Senate Bill 5992 is one of eight transportation package reform bills introduced in the state Senate last week. The goal of the reform bill is to reduce the cost of ferries by introducing an open bidding procurement model similar to the proven method that has benefited British Columbian taxpayers.
This week is the deadline for the state House and Senate to pass bills in most policy committees. Any non-budget bill not passed in committee by the end of Friday will be considered dead for the year. Bills that affect the 2015-17 budget are exempt from the “cut-off” deadline. If there are enough votes, however, lawmakers can revive any measure later through special parliamentary procedures
As most people know, Governor Inslee has broken his promise that, if elected, he would not raise taxes. His latest budget proposal includes a number of tax increases, and would permanently add new ways to tax people under state law. The new revenue would be in addition to the extra $3 billion the state is collecting under current tax rates.
A Seattle company has announced it is moving 100 jobs to Nevada. Cascade Designs, which make outdoor equipment, says Seattle is simply “too expensive” to continue to grow the business in a cost efficient way. Citing the city’s new $15 minimum wage as one of the cost drivers, the company says many of its competitors use overseas labor that is significantly cheaper.
King County Metro Transit’s vanpool program has finally become operationally self-sufficient. According to the National Transit Database, King County Metro’s vanpool program cost $10,658,554 to operate in 2013. Yet vanpool revenues more than made up for that – users paid about $11.5 million.
If transit executives and some legislators get their way, Washington drivers could be paying for an electric folly.
Spokane Transit officials want voters in April to approve a major sales tax hike to fund their electric trolley and other service additions. The tax hike would take the sales tax in Spokane Transit’s service areas (most of the populous portions of Spokane County) to 9.0% - one of the highest figures in the state.
This week, always-thoughtful Rep. Reuven Carlyle (D-Seattle), Chairman of the House Finance Committee, released an interesting paper discussing state and local funding of the public schools. He notes that for 40 years, Washington has pursued a “state funded” education system, where most tax dollars are sent to Olympia to be distributed back to local schools, and small added local levies are intended to pay for modest enhancements.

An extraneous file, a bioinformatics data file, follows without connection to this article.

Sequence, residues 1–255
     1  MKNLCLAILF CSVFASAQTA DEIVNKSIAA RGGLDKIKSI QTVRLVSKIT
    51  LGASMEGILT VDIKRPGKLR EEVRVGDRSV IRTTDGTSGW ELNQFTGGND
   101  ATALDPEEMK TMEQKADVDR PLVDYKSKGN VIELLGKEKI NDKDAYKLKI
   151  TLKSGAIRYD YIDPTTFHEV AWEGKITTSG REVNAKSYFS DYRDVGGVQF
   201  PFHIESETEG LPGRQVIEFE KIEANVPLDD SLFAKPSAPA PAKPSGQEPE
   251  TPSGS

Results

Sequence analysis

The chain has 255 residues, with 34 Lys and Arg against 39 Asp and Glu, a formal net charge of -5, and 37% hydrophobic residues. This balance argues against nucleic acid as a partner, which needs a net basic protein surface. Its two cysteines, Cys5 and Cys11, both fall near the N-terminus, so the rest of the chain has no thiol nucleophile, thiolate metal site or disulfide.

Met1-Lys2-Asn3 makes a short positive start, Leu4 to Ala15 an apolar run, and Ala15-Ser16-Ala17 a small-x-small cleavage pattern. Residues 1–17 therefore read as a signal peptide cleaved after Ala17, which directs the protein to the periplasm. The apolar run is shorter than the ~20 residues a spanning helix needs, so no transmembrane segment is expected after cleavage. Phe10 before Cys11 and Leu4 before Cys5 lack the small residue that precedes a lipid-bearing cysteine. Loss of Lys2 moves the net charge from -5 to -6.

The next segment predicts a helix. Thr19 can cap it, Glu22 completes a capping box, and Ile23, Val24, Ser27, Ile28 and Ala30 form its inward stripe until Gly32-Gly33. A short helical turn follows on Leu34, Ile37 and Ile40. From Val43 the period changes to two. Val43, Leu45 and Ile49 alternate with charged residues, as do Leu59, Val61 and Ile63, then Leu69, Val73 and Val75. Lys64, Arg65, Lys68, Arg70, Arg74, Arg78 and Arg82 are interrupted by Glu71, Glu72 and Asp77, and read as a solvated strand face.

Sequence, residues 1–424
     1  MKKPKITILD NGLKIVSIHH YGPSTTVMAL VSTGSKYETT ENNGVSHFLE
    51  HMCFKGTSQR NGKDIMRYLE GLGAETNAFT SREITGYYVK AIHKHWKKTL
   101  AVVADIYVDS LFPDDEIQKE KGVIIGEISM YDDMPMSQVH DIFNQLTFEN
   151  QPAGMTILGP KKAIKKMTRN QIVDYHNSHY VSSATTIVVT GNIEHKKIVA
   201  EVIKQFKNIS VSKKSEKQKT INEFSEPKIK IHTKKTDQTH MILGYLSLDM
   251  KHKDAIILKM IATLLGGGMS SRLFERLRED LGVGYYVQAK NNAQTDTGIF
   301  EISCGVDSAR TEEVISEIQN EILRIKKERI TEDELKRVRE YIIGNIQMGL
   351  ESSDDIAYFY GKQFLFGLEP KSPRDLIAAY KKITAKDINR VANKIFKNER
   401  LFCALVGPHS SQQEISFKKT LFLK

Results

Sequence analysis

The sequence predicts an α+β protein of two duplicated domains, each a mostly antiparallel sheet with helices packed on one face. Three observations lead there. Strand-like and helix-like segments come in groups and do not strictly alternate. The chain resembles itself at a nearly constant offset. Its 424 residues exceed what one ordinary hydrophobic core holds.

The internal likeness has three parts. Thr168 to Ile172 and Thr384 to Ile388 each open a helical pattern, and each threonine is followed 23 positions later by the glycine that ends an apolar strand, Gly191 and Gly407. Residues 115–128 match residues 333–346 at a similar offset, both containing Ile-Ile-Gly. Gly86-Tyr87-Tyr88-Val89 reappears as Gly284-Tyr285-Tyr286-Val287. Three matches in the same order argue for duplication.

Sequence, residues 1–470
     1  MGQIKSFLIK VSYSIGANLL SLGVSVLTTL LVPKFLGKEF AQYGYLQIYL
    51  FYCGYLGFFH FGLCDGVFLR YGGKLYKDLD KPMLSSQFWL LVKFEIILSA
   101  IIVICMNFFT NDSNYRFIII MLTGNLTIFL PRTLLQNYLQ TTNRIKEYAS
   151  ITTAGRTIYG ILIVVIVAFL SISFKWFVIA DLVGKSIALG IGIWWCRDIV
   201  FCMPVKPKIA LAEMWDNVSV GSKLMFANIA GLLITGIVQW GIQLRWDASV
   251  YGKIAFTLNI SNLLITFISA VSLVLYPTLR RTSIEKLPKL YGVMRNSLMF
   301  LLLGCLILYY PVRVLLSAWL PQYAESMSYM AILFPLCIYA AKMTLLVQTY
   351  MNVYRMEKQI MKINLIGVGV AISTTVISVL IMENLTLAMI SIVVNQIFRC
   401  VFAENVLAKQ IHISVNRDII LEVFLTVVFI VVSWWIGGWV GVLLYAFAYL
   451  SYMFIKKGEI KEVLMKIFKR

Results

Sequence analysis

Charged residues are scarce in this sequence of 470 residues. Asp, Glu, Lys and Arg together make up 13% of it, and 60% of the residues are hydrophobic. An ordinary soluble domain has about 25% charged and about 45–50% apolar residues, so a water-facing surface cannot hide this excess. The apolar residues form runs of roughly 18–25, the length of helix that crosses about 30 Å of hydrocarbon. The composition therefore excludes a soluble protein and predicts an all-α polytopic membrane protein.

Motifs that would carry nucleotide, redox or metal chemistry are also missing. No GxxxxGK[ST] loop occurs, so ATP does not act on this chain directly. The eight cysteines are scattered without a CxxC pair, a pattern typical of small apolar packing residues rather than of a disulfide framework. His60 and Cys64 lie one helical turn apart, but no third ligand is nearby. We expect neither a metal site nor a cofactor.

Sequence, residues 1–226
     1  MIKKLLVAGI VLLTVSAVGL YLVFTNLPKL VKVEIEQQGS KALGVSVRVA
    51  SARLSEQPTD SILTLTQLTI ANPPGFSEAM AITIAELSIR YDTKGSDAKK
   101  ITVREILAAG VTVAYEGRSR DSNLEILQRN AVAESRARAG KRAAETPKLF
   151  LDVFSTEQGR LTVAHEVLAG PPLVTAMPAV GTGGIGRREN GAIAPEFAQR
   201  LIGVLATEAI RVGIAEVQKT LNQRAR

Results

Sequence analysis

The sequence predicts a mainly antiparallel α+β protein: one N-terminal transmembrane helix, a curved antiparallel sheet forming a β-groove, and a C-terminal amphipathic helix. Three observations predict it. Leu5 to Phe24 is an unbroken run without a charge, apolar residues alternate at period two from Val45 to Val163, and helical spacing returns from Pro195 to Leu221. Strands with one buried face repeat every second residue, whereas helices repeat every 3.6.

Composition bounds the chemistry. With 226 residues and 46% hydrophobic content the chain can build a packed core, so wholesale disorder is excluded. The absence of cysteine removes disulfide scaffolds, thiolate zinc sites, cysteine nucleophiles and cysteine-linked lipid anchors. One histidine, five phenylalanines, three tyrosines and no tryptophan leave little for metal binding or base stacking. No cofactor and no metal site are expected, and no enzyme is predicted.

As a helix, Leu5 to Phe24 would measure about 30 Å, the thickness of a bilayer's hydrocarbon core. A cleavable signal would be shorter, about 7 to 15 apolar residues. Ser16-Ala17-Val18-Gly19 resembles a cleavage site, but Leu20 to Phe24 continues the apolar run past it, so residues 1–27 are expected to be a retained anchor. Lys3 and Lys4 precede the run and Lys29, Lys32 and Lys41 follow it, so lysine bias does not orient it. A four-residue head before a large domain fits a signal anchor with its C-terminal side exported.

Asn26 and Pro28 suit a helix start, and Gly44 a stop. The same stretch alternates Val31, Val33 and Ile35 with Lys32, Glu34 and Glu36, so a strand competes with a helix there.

State Senators Curtis King (R-Yakima), Steve Hobbs (D-Lake Stevens), Joe Fain (R-Auburn) and Marko Liias (D-Lynnwood) held a press conference today to unveil their plan to pay for more transportation projects.
While traveling to Olympia to testify on a bill on a holiday may not be a high priority for most Washingtonians, you may want to make an exception for next Monday. The title only bill, HB 2082 (Relating to commerce in liquor) is scheduled for a public hearing and executive action that day. Based on my best interpretation of that blank piece of legislation, it would provide every Washingtonian one free drink a week paid for by the per diem of lawmakers. Who could object to that?
On Monday the Senate Early Learning and K-12 Education Committee held a hearing on SB 5744, a school reform bill sponsored by Senator Litzow (R-Mercer Island). The bill would require administrators to consider teacher performance when layoffs are required.
With just over a week until the deadline for passing bills out of committee, lawmakers are busy with a full schedule of committee hearings, bills, and amendments under consideration. Any non-budget bill that does not see action by the deadline will likely be dead for the year.
One of the most common arguments made by supporters of Governor Inslee's cap-and-trade legislation is that a similar system in the NE United States is working well and has not harmed the economy. Advocates claim Regional Greenhouse Gas Initiation, known as RGGI, has cut carbon emissions and the economy wasn't harmed.
Congestion relief is not a priority when state officials spend transportation dollars, but that may soon change. House Bill 1939 would re-establish congestion relief as a transportation policy goal, creating an official relationship between spending and relieving traffic congestion.
Prior to 2007, lawmakers had implemented very specific performance measures that tied spending to measurable benchmarks to provide congestion relief. They were: